World’s 47 largest carbon producers face landmark case
5th Aug 2016
The world’s largest carbon, oil, coal, cement and mining companies have been given 45 days to respond to a complaint that their greenhouse gas emissions have violated the human rights of millions of people living in the Phillippines.
In a case which could be a landmark for human rights, the Commission on Human Rights of the Philippines (CHR), a constitutional body with the power to investigate human rights violations, has sent 47 “carbon majors” a 60-page document accusing them of breaching people’s fundamental rights to “life, food, water, sanitation, adequate housing, and to self determination”.
The move is the first step in what is expected to be an official investigation of the companies by the CHR, and the first of its kind in the world to be launched by a government body.
The complaint argues that the 47 companies should be held accountable for the effects of their greenhouse gas emissions in the Philippines, and demands that they explain how human rights violations resulting from climate change will be “eliminated, remedied and prevented”. It also calls for an official investigation into the human rights implications of climate change and ocean acidification and whether the investor-owned “carbon majors” are in breach of their responsibilities.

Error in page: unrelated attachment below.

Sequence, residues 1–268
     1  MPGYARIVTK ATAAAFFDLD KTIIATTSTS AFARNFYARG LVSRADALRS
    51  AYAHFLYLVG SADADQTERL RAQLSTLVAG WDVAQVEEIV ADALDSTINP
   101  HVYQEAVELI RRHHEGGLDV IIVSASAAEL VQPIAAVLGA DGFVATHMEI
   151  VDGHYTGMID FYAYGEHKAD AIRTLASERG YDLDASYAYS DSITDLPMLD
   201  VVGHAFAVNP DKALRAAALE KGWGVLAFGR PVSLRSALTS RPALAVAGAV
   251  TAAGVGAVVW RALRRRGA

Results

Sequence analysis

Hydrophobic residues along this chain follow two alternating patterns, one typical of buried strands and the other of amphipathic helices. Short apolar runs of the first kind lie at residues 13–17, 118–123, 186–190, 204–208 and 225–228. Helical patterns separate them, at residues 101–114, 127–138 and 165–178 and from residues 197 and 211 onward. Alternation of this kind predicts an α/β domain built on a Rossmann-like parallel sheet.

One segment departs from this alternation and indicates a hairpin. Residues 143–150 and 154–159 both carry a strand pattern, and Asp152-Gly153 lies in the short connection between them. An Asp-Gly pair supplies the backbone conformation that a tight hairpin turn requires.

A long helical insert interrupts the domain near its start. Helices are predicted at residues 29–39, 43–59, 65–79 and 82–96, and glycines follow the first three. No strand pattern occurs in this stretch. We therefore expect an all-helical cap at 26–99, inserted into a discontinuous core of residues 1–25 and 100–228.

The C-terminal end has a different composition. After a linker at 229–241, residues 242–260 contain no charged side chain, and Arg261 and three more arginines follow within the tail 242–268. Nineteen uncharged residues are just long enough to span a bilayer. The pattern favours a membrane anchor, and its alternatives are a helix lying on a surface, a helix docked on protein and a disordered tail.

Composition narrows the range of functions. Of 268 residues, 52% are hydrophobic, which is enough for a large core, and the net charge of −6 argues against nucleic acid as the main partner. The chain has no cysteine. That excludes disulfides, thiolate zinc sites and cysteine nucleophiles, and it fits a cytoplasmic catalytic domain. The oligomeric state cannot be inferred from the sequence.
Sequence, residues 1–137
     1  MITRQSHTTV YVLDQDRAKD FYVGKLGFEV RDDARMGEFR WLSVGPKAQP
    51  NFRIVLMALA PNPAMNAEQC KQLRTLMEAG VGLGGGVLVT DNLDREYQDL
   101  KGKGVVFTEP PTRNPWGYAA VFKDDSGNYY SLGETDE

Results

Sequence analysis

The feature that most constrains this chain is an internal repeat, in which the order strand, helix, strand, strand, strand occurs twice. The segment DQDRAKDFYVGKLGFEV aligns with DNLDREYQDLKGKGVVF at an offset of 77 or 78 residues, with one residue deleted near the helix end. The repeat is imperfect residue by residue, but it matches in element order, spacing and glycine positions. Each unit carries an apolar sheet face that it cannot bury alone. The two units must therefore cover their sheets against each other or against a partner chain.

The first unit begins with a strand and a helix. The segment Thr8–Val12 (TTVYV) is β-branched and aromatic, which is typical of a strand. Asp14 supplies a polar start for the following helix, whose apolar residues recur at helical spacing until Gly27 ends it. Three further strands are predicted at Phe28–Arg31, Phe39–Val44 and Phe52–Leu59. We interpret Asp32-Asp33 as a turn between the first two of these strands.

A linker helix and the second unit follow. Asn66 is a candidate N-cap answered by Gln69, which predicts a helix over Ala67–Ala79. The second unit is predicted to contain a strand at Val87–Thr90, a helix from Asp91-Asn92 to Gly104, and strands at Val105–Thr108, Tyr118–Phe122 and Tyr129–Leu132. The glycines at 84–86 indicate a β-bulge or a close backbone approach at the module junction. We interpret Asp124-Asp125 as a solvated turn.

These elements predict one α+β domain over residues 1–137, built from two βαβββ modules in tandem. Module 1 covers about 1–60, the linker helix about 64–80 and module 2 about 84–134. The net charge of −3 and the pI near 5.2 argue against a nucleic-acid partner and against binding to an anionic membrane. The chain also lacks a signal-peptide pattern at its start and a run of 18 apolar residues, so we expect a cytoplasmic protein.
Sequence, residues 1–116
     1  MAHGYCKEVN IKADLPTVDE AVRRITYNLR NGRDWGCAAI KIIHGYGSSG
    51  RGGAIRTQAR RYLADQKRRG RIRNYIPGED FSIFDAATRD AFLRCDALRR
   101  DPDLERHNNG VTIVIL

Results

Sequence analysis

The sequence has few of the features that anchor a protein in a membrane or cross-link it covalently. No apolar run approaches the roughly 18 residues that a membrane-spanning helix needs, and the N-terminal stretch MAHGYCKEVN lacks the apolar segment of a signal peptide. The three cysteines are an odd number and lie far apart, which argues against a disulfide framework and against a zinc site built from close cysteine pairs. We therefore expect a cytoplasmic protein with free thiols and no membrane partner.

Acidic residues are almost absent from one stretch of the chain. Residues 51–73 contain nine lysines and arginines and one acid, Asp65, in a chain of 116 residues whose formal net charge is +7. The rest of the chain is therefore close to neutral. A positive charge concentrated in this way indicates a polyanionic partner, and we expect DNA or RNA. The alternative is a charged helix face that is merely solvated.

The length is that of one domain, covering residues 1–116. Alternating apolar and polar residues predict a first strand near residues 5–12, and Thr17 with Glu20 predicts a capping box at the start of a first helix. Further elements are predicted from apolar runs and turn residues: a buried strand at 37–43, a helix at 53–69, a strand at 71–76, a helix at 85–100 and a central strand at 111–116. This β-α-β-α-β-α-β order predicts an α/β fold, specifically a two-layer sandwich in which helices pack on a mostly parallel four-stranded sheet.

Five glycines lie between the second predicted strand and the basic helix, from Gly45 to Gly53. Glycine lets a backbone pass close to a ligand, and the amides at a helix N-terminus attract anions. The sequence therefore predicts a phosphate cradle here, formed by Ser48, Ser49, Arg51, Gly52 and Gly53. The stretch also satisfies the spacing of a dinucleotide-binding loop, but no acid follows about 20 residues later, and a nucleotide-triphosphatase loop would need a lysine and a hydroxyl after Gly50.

The list of the 47 “carbon majors” being asked to respond to the CHR is based on research by Richard Heede, director of the Climate Accountability Institute in Colorado, who calculated in 2013 that 90 global companies had produced nearly two-thirds of the greenhouse gas emissions generated since the start of the industrial revolution.
The full legal investigation is expected to start in October, after the 47 companies have responded. Although all 47 will be ordered to attend public hearings, the CHR can only force those 10 with offices in the Philippines to appear. The CHR has the power to seek the assistance of the UN to encourage any which do not attend to co-operate.
The investigation is the latest in a growing tide of climate liability cases being brought against governments and corporations.